Cradling Aluminum Composite Material ApproveRejectUn-ApproveSubscribeUn-Unsubscribe
Question asked 2016-11-13 09:05:48 ...
Most recent comment 2016-11-13 09:11:00
What materials & procedure constitute 'best-practice' when cradling large pieces of Aluminum Composite Material (Dibond etc) to prevent warping? What materials should be used for the cradle itself, and for adhering the cradle to the ACM panel?
Answers and Comments
I encourage you to download our "Rigid Supports" document from our Resources section but I will include the relevant section here:
Provide additional auxiliary support to large format panels and panels that are less than ¾” thick by attaching a brace or cradle by gluing strips of wood around the outside edge of the back of the panel using the following steps:
Obtain 1” by 2” wooden boards (oak or maple are preferred) and cut them down to match the outer dimensions of the support (overall size will depend on what type of join is used for the corners). Butt and mitered tend to be the most common type of joins (consider using a 90 degree-corner clamp when making mitered corners), however lap joins are generally considered to be more structurally sound. Make sure that the wooden boards are perfectly aligned and flush with the outer edges by laying them on the reverse of the panel before gluing to the reverse (it can helpful to mark the position with a pencil). Use an appropriate adhesive (please refer to the Dibond Manual located in our reference section) to adhere the wooden boards in place while the glue is drying, clamp/weight the boards to avoid creating any air bubbles. For large-scale supports artists may choose to construct horizontal and/or vertical crossbars although crossbars should NOT be glued directly to the reverse of the panel, only fixed to the outer boards of the cradle using glue and/or hardware.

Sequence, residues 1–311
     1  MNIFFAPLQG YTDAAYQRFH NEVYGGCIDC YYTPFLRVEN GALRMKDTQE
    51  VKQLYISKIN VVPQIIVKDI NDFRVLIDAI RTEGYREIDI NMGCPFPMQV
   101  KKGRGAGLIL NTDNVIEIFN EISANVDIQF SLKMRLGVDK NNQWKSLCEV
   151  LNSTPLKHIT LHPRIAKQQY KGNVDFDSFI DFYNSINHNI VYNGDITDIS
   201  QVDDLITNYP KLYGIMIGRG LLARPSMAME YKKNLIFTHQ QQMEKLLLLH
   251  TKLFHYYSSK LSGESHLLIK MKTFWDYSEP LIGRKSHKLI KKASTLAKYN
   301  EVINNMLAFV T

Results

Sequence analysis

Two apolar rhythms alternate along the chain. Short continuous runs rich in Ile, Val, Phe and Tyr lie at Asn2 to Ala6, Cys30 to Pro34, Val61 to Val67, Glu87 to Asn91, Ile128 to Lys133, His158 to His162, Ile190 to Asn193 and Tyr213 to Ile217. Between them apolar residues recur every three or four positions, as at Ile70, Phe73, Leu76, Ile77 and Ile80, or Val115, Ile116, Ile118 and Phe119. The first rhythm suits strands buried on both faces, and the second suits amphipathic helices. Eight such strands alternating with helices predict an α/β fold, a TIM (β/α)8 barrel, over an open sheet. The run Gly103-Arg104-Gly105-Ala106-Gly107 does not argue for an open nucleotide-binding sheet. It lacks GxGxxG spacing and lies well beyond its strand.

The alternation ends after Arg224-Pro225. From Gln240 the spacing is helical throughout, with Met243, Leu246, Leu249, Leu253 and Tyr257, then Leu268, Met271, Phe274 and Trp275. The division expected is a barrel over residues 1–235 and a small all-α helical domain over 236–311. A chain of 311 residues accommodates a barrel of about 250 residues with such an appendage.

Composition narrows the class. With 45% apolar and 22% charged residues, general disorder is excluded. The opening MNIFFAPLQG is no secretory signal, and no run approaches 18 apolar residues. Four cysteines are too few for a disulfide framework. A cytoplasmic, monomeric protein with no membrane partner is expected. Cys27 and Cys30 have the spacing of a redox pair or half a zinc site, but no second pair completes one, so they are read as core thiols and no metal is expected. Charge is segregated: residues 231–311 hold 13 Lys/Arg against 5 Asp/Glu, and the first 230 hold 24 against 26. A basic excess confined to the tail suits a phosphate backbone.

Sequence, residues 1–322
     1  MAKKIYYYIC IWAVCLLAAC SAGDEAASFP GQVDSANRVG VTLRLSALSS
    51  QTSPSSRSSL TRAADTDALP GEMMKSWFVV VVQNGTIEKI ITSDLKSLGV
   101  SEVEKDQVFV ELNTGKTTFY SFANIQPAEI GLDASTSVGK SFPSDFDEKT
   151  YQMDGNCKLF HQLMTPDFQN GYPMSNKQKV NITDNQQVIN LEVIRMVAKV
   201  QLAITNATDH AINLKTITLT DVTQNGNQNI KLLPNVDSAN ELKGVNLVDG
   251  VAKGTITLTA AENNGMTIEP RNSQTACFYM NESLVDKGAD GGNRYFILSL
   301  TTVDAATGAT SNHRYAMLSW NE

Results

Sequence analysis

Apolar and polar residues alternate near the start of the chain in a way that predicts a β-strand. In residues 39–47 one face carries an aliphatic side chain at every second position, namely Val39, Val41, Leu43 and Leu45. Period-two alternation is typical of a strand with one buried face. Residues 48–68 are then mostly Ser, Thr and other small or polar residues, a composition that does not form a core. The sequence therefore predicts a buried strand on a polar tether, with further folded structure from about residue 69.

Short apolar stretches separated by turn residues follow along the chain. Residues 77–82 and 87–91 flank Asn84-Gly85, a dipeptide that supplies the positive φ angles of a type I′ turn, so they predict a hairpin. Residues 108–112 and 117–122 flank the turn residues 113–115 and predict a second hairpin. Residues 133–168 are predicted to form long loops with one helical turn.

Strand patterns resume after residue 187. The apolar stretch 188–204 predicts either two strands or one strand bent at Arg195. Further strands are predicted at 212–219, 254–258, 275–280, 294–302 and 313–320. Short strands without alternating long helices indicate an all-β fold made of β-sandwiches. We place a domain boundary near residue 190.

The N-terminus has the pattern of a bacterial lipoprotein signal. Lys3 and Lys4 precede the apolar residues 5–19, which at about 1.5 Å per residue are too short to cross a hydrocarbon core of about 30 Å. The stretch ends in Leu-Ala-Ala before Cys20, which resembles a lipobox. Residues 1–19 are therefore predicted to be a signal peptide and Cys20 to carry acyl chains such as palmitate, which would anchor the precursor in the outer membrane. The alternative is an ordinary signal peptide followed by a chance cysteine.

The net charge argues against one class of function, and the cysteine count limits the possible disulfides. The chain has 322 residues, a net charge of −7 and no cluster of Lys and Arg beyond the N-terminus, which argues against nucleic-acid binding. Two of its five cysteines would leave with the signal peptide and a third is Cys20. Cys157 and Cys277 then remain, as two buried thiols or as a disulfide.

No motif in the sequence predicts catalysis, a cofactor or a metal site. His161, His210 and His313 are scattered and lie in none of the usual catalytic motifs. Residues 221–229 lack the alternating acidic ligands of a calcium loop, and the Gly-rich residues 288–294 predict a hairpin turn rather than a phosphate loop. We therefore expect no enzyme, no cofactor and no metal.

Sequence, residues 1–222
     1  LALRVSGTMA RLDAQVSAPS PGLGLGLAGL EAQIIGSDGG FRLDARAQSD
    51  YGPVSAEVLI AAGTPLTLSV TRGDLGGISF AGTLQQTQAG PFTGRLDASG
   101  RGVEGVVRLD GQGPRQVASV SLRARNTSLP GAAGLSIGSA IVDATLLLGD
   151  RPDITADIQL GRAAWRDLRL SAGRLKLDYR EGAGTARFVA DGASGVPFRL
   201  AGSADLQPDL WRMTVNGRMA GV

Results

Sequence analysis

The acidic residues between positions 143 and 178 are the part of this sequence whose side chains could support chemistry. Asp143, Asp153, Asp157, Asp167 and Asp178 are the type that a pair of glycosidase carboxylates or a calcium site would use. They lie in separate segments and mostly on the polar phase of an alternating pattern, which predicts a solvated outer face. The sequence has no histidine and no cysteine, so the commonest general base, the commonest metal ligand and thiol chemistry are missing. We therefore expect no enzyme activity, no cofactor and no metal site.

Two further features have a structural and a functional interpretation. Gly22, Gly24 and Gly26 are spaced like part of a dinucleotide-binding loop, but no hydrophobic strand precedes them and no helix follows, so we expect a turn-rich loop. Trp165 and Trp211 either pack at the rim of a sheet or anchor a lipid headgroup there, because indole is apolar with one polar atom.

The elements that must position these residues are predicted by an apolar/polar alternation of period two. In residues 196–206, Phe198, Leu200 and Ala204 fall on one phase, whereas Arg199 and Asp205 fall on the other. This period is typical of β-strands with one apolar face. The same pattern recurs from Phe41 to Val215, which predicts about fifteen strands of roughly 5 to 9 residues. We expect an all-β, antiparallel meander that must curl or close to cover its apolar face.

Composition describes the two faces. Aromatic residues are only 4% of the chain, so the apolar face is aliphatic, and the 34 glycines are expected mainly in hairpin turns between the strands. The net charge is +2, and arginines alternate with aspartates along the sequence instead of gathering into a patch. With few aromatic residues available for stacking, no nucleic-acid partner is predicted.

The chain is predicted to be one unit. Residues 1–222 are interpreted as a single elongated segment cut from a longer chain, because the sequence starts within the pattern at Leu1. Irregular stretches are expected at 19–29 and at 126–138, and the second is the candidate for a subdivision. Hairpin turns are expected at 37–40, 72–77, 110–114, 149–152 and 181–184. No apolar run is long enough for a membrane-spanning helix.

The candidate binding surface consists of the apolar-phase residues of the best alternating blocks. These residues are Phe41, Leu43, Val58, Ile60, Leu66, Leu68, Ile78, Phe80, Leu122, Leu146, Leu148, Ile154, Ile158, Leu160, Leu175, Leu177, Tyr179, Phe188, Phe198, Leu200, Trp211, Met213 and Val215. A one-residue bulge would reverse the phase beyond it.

EditDeleteModerator AnswerUnless one is attempting to add stability to the 4-ply matt board, I cannot think of any reason to adhere such a support to an ACM panel...plus unless the correct adhesive used it will likely lead to warping. The main issue with all ACM panels is that (while they are structurally sound) they can readily bend at the corners if dropped. It is for this reason that framing and/or bracing AMC panels is highly recommended but this may not be feasibly or even desirable for those wishing to work on a larger scale.
EditDeleteModerator AnswerThis is less of an issue for ACM but with wooden panels it is not especially recommended. Cross-grain construction is always a risk when dealing with rigid supports as you might be asking for warping that may transfer through to the face of the panel. Again less of an issue for ACM but it depends on the thickness and construction of the panel as well.
This Page Last Modified On: